SAT II Physics TestTaking Strategies
All the strategies discussed above can be applied equally
to SAT II Physics and SAT II Modern Hebrew. That’s why they’re called
“general hints.” However, as you may have noticed, there are a number
of differences between the study of physics and the study of modern
Hebrew. Because physics is unlike modern Hebrew, and even unlike
math and chemistry, there are a number of strategies that apply
uniquely to SAT II Physics. Some of these strategies will help you
out in physics generally, while some are suited to the unique idiosyncrasies
of the SAT II format.
Physics Hint 1: Know Those Formulas!
You aren’t allowed to bring a calculator into the SAT
II, nor are you allowed to bring in a sheet of paper with useful
information on it. That means that if you haven’t memorized formulas
like F = ma and you’re
going to lose a lot of points. As we said earlier, 67–80% of the
test requires that you know your formulas.
This doesn’t mean you have to do a lot of rote memorization.
As you become more familiar with the principles of physics, you’ll
find that the equations that express these principles will become
increasingly intuitive. You’ll find patterns: for instance, the
force exerted at any point in a field, be it a gravitational field
or an electric field, is inversely proportional to r^{2}.
That’s why Coulomb’s Law and Newton’s Law of Gravitation look similar. Knowing
your physics will help you know your formulas.
A lot of people feel burdened coming into an exam with
lots of formulas and equations in their head. It can feel like your
mind is “full,” and there’s no room for the problem solving at hand.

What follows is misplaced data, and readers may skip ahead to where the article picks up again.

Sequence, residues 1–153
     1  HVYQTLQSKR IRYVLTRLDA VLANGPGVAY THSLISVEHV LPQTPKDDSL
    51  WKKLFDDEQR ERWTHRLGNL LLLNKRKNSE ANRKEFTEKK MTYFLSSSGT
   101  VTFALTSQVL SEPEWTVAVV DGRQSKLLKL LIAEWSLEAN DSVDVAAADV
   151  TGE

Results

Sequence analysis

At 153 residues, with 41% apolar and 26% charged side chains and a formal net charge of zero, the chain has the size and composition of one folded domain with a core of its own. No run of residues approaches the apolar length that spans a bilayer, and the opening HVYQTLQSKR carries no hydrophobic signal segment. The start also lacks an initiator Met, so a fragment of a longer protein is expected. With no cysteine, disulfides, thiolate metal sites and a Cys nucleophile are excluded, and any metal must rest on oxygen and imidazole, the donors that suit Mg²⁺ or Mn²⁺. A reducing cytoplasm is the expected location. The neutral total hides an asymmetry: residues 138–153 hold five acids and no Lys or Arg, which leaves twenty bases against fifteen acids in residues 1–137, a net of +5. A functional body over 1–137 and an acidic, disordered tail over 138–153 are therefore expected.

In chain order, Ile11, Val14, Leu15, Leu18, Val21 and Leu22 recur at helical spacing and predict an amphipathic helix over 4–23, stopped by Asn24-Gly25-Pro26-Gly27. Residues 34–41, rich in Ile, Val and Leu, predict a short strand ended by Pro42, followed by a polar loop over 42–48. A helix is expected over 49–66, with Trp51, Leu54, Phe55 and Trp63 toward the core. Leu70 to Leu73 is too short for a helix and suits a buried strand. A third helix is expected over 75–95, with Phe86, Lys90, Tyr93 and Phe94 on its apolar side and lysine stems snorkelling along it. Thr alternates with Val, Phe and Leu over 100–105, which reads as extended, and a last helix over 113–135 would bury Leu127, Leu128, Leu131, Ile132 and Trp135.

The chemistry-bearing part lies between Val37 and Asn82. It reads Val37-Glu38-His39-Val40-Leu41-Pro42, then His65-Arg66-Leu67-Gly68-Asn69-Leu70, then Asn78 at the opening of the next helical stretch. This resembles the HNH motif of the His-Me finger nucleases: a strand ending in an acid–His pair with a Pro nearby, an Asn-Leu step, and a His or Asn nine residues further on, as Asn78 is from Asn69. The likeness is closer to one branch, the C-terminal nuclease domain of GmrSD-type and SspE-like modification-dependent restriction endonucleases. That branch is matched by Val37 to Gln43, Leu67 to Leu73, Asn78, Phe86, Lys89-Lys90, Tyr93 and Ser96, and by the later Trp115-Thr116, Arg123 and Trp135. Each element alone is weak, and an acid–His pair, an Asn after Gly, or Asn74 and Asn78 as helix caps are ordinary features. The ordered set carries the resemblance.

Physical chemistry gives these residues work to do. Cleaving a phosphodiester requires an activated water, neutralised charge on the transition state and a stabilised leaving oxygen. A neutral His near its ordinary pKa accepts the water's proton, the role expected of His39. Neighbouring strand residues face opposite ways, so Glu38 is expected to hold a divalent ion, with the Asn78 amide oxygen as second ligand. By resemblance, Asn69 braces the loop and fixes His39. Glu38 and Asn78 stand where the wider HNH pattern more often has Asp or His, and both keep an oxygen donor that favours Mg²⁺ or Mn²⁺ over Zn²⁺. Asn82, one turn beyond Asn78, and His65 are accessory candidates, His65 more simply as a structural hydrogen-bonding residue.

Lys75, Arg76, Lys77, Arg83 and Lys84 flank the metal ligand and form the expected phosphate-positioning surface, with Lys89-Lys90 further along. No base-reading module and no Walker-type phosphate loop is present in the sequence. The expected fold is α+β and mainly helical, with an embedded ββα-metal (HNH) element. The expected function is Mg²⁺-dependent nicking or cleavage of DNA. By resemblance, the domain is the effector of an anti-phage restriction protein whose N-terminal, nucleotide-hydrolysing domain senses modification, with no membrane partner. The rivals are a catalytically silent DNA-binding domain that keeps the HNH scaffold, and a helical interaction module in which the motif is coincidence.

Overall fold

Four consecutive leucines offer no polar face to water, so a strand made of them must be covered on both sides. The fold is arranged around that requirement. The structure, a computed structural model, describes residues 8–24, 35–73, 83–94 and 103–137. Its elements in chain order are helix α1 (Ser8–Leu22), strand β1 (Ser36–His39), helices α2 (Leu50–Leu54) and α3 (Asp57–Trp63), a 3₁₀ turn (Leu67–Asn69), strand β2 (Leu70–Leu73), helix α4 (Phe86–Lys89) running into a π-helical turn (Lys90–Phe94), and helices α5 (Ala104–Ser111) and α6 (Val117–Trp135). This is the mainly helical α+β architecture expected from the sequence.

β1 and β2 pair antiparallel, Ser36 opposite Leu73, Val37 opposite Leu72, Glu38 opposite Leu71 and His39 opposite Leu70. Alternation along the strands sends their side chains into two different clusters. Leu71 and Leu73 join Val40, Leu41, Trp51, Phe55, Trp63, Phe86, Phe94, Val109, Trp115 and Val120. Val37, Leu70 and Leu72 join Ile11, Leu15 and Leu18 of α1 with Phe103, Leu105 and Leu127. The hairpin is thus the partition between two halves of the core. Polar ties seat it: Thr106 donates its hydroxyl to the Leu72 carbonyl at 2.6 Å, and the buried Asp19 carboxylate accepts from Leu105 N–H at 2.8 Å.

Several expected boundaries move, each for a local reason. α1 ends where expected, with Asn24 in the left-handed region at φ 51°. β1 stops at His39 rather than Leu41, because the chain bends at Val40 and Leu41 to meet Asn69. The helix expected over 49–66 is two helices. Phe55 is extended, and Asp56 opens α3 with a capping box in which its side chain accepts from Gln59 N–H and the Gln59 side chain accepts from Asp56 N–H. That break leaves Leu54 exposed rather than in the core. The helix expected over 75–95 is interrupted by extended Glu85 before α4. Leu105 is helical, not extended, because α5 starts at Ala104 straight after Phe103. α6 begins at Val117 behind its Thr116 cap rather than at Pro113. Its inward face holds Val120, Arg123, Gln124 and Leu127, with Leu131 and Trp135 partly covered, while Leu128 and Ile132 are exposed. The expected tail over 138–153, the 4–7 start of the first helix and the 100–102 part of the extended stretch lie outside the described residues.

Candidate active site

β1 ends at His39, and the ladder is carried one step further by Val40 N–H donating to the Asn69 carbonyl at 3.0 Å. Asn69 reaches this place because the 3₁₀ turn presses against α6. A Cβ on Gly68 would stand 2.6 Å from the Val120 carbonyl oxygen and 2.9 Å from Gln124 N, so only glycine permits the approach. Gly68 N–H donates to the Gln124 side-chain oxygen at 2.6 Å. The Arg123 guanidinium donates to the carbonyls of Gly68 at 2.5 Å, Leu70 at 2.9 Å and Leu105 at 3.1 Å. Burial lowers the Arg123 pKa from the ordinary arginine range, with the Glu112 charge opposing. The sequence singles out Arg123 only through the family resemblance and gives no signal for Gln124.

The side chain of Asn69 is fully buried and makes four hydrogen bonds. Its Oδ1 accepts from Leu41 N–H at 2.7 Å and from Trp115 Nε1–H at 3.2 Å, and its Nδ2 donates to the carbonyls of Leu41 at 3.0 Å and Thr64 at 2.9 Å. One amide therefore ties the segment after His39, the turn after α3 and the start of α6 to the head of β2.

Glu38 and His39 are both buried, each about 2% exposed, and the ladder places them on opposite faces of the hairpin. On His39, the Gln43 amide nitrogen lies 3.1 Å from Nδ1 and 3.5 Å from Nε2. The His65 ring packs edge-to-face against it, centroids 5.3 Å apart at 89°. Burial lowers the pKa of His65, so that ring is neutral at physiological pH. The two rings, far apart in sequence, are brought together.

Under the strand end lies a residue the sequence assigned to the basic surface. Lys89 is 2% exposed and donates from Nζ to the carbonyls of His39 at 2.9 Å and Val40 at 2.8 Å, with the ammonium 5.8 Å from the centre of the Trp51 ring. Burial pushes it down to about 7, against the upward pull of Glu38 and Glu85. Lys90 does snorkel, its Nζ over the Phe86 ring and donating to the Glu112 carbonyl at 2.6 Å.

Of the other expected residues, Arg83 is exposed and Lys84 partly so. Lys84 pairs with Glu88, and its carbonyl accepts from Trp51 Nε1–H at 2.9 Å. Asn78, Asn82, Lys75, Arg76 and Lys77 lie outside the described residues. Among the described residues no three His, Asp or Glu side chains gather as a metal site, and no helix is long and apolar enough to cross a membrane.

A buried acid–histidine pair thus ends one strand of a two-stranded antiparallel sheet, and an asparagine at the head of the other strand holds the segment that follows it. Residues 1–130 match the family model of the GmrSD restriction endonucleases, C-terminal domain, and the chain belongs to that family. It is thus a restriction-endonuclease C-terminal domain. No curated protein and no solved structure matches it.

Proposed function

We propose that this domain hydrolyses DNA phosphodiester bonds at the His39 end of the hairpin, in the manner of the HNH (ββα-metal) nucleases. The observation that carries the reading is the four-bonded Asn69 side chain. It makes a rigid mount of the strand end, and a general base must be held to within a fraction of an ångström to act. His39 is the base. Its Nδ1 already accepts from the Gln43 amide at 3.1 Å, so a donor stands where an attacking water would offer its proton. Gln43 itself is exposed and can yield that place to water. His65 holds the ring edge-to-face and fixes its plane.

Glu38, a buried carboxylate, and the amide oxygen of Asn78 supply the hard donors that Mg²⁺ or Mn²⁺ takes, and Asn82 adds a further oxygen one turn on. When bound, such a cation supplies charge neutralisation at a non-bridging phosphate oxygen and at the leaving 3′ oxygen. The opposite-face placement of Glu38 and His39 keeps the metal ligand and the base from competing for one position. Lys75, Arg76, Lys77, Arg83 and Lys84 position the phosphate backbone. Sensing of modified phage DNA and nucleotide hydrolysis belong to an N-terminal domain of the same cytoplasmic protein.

If you have trouble remembering formulas, you might want to look
them over carefully in the minutes before the test, and then, before
you even look at the first question, write down the formulas you
have a hard time remembering on the back of the question booklet.
That way, you can refer back to them without any painful effort
of recollection.
Physics Hint 2: Estimate
This hint goes hand in hand with General Hint 5:
Know What You’re Being Asked. Don’t dive blindly into five
possible answer choices until you know what you’re looking for.
The first way to know what you’re looking for is to understand the
question properly. Once you understand the question, get a rough
sense of what the correct answer should look like.
Estimation is only useful for questions involving calculation:
you can’t “estimate” which Law of Thermodynamics states that the
world tends toward increasing disorder. In questions involving a
calculation, though, it may save you from foolish errors if you
have a sense of the correct order of magnitude. If you’re being
asked to calculate the mass of a charging elephant, you can be pretty
confident that the answer won’t be 2 kg, which would be
far too small, or kg, which would be far
too big. Estimation is a good way to eliminate some wrong answers